“Over the past twenty five years,” said the Aga Khan, “ I have been seeking to develop physical spaces in major cities in the Western world that can contribute towards an improved understanding of the many cultures and civilisations of the Islamic world. The high-profile Ismaili Centres in London, Vancouver and Lisbon, each designed by an architect of international repute, each reflecting an interplay of civilizational influences from across the East and the West, and each looking to contribute to civic life in their respective countries, have been a first step towards this objective.”
The Ismaili Center, Toronto is being designed by signature Indian architect, Charles Correa, holder of the Gold Medal of the Royal Institute of British Architects, the Gold Medal of the International Union of Architects and a winner of the Praemium Imperiale and the Aga Khan Award for Architecture, amongst many other prizes. Design proposals for the museum and center are expected to be sought over the course of the coming year.
The center will enable the AKDN to build on its collaboration between Canadian institutions and the AKDN extending across many fields and several countries. The Aga Khan Foundation Canada has, for 20 years, been an important partner of the Canadian International Development Agency (CIDA) in a series of development programmes ranging from rural development in Bangladesh, India, Pakistan and Tajikistan to early childhood education in East Africa. A number of private and institutional investors have collaborated in venture capital initiatives in Canada undertaken by Industrial Promotion Services (Canada), an affiliate of the Aga Khan Fund for Economic Development. Focus Humanitarian Assistance (FOCUS), an affiliate of the AKDN, which has an active unit in Canada, has over the past four years, provided assistance in Afghanistan, East Timor, India, Mozambique, Pakistan, Russia, Tajikistan and Zanzibar. FOCUS has also, in close collaboration with the Government of Canada, undertaken successful resettlement programmes in Canada for refugees from Kosovo and Afghanistan.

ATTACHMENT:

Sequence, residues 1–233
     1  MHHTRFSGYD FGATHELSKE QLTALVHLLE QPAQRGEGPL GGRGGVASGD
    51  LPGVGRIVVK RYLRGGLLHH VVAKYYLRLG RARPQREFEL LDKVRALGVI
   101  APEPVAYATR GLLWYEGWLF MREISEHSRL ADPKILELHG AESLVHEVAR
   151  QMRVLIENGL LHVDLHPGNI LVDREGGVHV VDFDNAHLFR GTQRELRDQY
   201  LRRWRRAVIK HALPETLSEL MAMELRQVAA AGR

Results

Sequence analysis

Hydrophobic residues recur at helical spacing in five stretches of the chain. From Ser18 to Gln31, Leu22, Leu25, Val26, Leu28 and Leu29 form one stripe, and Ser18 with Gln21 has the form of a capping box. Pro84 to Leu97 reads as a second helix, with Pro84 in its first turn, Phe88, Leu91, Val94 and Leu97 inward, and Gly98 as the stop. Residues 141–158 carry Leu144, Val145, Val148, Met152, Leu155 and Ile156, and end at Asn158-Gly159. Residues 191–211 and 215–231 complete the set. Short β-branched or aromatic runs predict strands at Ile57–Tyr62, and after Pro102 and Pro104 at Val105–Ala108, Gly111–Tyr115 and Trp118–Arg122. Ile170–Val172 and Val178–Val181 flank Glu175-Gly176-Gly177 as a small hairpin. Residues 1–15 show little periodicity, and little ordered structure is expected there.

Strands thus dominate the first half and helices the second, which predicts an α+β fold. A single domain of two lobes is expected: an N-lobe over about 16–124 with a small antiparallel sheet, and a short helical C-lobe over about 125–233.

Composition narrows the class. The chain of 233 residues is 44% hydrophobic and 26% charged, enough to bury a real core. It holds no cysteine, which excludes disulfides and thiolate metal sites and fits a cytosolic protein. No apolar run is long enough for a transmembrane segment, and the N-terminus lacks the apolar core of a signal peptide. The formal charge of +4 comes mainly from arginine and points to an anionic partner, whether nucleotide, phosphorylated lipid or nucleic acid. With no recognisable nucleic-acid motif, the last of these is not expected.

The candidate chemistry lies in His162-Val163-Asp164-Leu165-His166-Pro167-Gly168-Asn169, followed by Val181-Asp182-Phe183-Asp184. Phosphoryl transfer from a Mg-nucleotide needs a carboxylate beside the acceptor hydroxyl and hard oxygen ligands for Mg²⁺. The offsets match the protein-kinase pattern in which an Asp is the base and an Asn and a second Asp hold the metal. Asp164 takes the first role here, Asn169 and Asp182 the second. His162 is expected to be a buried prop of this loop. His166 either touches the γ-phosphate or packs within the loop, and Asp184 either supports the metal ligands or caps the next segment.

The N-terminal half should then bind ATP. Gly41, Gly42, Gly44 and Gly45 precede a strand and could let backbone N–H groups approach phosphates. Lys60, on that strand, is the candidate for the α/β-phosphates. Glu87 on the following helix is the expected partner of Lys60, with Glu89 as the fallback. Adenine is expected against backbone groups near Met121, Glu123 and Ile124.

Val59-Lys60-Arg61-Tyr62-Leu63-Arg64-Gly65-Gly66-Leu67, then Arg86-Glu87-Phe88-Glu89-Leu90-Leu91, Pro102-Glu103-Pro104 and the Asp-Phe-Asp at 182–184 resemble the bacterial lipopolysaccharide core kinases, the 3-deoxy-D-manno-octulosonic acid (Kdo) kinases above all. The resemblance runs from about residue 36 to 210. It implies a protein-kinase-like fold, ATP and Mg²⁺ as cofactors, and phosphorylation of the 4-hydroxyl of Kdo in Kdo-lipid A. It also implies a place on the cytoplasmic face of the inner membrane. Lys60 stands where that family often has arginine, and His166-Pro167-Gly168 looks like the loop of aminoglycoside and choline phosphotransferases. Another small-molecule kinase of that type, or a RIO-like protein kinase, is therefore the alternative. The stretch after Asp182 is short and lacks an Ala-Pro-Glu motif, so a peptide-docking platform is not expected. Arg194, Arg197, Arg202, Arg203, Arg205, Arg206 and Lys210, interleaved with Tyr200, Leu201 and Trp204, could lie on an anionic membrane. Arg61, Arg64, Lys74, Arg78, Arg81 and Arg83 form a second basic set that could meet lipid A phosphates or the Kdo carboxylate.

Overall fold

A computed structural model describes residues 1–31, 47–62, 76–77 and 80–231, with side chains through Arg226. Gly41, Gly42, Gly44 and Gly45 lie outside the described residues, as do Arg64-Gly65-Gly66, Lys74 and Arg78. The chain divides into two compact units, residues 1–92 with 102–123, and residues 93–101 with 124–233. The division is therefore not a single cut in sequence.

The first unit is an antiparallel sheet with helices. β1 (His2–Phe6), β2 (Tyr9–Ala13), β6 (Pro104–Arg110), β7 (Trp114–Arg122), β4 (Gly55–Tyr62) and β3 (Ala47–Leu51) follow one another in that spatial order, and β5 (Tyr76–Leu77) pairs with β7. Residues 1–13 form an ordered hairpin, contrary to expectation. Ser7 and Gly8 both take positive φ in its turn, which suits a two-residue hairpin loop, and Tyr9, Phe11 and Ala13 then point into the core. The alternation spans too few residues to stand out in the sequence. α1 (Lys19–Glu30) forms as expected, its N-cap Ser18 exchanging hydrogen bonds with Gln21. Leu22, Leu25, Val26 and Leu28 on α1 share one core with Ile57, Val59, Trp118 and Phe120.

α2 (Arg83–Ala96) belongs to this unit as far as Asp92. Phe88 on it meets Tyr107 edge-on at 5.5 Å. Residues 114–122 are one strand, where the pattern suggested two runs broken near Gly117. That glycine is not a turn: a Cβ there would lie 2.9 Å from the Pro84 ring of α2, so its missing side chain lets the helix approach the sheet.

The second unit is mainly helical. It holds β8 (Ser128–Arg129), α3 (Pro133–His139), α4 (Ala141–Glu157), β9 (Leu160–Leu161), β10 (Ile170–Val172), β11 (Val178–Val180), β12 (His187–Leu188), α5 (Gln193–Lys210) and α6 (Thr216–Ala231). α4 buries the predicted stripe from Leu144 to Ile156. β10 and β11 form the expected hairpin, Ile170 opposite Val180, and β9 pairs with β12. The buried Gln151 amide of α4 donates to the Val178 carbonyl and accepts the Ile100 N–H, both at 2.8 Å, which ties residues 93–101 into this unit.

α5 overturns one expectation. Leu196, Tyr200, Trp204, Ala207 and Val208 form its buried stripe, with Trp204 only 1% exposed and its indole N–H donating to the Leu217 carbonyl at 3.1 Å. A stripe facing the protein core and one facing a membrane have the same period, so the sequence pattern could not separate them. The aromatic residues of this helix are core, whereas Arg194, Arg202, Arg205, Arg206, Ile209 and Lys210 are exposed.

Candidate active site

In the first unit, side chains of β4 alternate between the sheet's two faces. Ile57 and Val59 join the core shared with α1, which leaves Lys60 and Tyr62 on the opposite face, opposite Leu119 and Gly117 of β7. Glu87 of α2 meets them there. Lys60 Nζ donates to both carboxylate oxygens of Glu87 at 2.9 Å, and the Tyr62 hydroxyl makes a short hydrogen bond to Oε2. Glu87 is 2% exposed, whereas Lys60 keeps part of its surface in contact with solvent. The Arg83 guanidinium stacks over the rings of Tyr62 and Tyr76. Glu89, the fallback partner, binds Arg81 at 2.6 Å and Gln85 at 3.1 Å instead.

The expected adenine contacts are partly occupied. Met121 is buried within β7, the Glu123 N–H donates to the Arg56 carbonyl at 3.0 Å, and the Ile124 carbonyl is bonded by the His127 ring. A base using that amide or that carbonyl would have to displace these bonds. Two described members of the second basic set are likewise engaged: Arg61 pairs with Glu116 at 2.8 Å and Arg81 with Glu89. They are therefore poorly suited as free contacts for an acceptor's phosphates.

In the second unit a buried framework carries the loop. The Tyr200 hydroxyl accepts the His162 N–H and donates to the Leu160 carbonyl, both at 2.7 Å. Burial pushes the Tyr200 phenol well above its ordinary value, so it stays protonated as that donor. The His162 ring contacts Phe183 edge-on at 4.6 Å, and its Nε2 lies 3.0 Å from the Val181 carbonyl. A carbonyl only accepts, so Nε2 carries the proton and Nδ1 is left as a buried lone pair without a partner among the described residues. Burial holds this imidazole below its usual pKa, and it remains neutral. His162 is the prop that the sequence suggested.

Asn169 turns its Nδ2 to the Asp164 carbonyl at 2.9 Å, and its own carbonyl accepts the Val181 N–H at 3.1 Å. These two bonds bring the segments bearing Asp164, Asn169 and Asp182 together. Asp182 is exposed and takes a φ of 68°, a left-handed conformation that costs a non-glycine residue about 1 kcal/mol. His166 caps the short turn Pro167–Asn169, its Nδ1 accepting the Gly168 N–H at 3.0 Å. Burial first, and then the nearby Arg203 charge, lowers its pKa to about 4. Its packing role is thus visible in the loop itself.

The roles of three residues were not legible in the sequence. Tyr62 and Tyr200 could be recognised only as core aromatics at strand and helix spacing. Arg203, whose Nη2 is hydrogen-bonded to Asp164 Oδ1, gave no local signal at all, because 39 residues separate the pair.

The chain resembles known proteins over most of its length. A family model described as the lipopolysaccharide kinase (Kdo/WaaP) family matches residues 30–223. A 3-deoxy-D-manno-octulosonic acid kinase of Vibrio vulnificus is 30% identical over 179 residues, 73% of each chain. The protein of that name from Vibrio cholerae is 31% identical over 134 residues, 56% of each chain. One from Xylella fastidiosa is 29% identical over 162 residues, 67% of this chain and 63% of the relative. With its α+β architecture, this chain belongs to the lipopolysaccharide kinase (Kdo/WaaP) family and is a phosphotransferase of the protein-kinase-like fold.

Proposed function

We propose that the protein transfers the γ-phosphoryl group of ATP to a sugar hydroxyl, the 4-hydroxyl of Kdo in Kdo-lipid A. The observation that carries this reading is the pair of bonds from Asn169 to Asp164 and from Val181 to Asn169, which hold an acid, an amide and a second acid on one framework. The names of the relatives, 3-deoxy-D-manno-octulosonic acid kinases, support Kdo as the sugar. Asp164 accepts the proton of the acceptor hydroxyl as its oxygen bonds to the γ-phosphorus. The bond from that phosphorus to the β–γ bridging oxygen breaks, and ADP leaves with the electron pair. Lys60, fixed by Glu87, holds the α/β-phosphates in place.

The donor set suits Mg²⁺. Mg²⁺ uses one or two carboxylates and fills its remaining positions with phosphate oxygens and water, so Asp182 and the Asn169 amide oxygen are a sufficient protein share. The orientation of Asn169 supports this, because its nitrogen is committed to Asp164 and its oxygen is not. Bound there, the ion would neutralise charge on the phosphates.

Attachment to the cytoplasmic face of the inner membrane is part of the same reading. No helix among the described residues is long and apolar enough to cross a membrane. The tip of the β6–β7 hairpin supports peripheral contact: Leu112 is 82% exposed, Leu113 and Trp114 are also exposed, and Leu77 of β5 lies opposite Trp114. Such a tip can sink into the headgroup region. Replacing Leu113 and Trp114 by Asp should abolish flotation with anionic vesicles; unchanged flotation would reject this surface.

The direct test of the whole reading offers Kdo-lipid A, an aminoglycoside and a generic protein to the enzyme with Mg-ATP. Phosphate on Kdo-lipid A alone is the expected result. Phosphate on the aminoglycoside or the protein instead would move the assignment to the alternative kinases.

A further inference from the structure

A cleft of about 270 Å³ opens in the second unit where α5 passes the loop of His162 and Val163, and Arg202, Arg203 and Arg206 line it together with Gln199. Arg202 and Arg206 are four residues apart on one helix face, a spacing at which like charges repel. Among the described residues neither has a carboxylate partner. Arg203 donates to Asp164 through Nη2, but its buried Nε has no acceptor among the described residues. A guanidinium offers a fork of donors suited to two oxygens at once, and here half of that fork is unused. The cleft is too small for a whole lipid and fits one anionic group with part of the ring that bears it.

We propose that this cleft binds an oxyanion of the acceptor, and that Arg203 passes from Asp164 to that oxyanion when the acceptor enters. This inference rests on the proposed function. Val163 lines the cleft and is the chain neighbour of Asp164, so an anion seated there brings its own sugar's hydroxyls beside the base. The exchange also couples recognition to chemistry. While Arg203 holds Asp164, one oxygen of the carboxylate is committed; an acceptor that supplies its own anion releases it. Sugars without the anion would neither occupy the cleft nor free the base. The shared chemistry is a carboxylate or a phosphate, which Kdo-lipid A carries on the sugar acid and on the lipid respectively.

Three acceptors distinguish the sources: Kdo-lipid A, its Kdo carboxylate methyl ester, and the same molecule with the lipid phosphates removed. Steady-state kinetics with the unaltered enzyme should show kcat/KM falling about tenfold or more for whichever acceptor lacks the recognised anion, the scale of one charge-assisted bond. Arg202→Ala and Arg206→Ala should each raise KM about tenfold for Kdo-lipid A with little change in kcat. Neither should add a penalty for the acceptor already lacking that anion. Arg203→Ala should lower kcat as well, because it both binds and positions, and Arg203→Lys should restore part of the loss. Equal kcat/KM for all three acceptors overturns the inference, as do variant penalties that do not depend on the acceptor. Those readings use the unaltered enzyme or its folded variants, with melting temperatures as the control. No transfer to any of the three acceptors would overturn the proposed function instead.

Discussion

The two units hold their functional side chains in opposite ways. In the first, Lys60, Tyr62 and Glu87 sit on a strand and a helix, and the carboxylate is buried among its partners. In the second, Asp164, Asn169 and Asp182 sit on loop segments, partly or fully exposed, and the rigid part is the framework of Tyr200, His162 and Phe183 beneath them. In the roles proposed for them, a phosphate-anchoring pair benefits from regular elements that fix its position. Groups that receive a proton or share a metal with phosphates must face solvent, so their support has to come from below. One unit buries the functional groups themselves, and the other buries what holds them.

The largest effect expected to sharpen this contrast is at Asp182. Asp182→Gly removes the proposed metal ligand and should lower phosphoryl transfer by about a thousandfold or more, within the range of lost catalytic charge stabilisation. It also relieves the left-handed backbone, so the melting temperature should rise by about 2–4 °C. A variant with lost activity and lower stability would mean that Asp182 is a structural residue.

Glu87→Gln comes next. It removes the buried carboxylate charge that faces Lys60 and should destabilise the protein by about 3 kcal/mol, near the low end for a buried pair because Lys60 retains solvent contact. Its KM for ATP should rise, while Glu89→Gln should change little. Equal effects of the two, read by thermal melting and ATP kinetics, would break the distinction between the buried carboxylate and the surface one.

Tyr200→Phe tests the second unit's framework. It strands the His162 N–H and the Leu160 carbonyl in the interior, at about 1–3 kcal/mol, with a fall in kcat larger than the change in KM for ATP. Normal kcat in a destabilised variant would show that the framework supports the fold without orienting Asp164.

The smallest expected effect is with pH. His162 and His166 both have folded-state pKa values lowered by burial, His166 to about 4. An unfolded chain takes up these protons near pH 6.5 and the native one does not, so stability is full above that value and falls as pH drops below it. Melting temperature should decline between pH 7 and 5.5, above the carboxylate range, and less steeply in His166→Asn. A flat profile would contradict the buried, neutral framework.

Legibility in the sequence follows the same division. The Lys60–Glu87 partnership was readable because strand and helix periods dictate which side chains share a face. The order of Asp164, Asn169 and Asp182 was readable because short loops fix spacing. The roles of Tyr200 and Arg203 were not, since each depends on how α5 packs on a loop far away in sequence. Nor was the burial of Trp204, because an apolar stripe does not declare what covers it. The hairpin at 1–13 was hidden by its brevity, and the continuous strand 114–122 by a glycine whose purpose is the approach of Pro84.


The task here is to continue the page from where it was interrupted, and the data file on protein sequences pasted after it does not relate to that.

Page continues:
The Aga Khan Trust for Culture oversees the AKDN’s cultural activities. Its restoration and urban revitalisation projects range from settings as varied as Afghanistan, Bosnia, Egypt, India, Pakistan, Spain, Syria and Zanzibar. The Trust administers the Aga Khan Award for Architecture, the world’s largest architectural prize. In collaboration with the Massachusetts Institute of Technology Press, the Trust’s Education and Culture Programme has developed ArchNet, an Internet-based network that will provide students and professionals around the world with a globally accessible resource on architecture, urban design and related issues such as restoration, conservation and housing design and construction. In Central Asia, the Trust is also involved in the preservation and revival of traditional music and the design of humanities curricula for universities and schools.
The Aga Khan Development Network is a group of private, non-denominational development agencies and institutions that seek to empower communities and individuals, often in disadvantaged circumstances, to improve living conditions and opportunities. Established by the Ismaili Imamat (office of spiritual leadership) and working in over 20 countries, the Network’s underlying impulse is the ethic of compassion for the vulnerable in society and its agencies and institutions work for the common good of all citizens, regardless of origin, gender or religion.
For further information, please contact:
Nazeer Aziz Ladhani
Aga Khan Foundation Canada
Tel: 613.237.2532 (ext 108 or 109)
Aga Khan Council for Canada
Tel: 416-467-7261 (ext 24)
06 January 2016
Master Jury Announced for 2016 Aga Khan Award for Architecture
© 2007 The Aga Khan Development Network. This is the only authorised Website of the Aga Khan Development Network.